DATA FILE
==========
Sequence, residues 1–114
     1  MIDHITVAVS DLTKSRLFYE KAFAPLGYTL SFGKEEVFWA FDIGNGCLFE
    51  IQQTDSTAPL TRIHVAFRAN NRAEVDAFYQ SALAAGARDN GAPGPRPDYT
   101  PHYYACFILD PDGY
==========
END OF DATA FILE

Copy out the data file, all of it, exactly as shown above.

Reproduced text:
Sequence, residues 1–114
     1  MIDHITVAVS DLTKSRLFYE KAFAPLGYTL SFGKEEVFWA FDIGNGCLFE
    51  IQQTDSTAPL TRIHVAFRAN NRAEVDAFYQ SALAAGARDN GAPGPRPDYT
   101  PHYYACFILD PDGY